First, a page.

a day in the life

Oliver Jeffers is an amazing artist, and kids everywhere love his video. This is pretty much how writers spend their days. Telling stories, checking things off lists, hunting down lunch. Not a bad way to make a life, yes?

I’m really lucky I get to do what I love for a living. I feel a sort of a sense of responsibility to enjoy that as much as I can.

~Oliver Jeffers

magic. chocolate. earth.

magic chocolate earth

magic chocolate earth shoes (and paws)

I was exploring character development with a group of third graders recently. They sat cross-legged before me on the floor, notebooks spread on laps. They had already sketched characters into these notebooks. Superheroes. Strawberries. Superhero strawberries. Whatever their imagination had delivered. Now they were getting to know these creations. Getting to know a character can be a sticky endeavor.

What does your character love, I ask. What do they fear?

You mean, what am I afraid of?

I want to know what your character is afraid of.

Can it be the same thing I’m afraid of?

Yes. It often is.

I posed question after question. They pondered. They wrote. What kind of shoes does your character wear, I asked. You can tell a lot about a character by the shoes on their feet.

Blank stares.

Well, take a look at your teacher. What can you tell about her by the kind of shoes she is wearing today?

She’s fancy. She’s pretty! She’s super-stylish.

Exactly. Now what can you tell about Bodie by his shoes?

He’s super fast. He likes to run!

Okay. And what about my shoes? What can you tell about my “character” from my shoes?

One hand shoots into the air.

I can tell you’d rather be in bed right now. 

Um …

Because they are slippers. You wear slippers every day because you’d rather be in bed. 

And so we move on. The writers discover the details of their newborn characters, and I have a newborn thought to ponder: Do all the children believe I have been wearing bedroom slippers to school?

These are my favorite shoes. I went into the store, and the side of the box said “Magic: Chocolate/Earth.” I like magic (the kind that invites wonder). I like chocolate (any kind). I like earth (and Earth).

What’s not to buy?

So I bought the shoes. I wear them all the time. Four seasons. Inside. Outside. No one has ever said they look like slippers before. Maybe people are more polite than I have been led to believe.

Today I ate lunch with a friend who is starting her own business. She used to struggle into corporate attire every day. Today, she wore jeans, plaid sneakers, a brown t-shirt and a funky knit scarf with a skull motif. This afternoon she is painting the inside of her new retail space. Paint splatters her hands, her shirt, her shoes. Now she is free. Free to dress in a way that matches her identity. Free to be the character that she has always wanted to be.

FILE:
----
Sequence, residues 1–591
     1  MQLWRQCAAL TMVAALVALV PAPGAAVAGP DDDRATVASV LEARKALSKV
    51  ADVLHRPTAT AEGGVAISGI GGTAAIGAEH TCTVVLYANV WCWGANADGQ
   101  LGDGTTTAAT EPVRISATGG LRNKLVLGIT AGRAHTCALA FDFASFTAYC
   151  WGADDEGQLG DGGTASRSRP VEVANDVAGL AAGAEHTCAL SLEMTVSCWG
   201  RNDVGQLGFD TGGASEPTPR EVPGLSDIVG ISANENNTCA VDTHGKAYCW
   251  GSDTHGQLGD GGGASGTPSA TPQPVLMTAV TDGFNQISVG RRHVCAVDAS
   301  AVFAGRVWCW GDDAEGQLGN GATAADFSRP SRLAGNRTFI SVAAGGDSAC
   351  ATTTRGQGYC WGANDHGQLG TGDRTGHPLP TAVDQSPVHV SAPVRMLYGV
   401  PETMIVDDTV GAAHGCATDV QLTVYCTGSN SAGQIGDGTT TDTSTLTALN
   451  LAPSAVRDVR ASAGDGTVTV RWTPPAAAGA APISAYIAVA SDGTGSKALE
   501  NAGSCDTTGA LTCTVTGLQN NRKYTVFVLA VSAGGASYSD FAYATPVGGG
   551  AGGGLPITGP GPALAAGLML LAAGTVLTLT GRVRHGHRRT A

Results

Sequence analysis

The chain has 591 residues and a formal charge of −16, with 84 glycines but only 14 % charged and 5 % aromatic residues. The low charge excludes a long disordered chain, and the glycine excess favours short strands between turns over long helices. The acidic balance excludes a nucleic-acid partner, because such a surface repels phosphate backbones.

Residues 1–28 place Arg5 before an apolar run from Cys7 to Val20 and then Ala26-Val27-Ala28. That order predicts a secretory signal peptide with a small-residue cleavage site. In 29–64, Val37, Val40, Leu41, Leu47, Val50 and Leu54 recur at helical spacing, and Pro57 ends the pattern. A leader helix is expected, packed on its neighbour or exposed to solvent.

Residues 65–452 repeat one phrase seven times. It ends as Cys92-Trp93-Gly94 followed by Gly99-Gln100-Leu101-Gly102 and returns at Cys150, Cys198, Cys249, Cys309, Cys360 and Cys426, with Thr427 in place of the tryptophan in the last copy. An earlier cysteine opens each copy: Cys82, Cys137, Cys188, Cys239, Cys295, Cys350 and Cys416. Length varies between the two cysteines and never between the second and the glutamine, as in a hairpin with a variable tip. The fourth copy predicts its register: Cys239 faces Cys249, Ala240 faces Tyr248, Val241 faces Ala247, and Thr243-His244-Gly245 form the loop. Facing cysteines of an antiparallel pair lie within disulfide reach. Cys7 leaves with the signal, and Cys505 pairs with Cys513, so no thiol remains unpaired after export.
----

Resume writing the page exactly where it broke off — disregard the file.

I am a writer. I often write propped up by pillows in my bed, with my dog at my feet. This happens to be my most comfortable writing pose. Aside from the meetings, the residencies, the conferences—where I want to be more than anything else (as a writer) is curled up under a pile of blanket and dog. Writing.

So, all things being equal, yes, much of the time I would rather be in bed.

This is who I am. As a character. As a human being. I don’t want to squeeze myself into any other pair of shoes right now. I don’t intend to do that sort of disservice to my soul again.

I have two friends who have received bad news this week—the kind of news that drives you to revise your will and clean out your journal because you’ve been slapped with the unnerving reality that somebody else could be sorting through your belongings long before you are ready. These two aren’t done fighting their battles, by any means. But due to the nature of their journeys thus far, both understand that fighting doesn’t always mean getting what you want, at least not necessarily when you want it.

Which got me thinking. The last time I saw these friends, what were they wearing on their feet? Were they comfortable in their own shoes? I believe they were. They are. They are also those rare and blessed creatures who are equally comfortable with no shoes at all. They are comfortable just being—untethered from expectation, and clothed in gratitude and grace.

What are you wearing on your feet right now? Is this how you want to walk in the world? If not, may I humbly suggest that you try on something new?

If the slippers fit. Wear them.


%d bloggers like this: